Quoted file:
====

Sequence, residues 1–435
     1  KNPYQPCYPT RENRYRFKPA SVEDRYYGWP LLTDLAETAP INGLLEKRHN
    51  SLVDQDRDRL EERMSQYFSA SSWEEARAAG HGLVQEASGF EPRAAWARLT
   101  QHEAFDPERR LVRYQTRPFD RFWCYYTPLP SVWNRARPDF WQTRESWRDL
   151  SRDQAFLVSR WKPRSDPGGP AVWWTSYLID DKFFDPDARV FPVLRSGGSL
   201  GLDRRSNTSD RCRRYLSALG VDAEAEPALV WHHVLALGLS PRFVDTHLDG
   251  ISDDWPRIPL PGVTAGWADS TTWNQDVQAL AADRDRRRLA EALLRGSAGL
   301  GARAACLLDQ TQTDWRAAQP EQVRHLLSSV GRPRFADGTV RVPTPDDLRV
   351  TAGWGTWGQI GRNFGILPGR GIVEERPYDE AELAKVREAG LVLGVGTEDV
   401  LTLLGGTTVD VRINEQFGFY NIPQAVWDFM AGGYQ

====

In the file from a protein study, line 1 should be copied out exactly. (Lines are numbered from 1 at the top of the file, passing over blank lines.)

Sequence, residues 1–435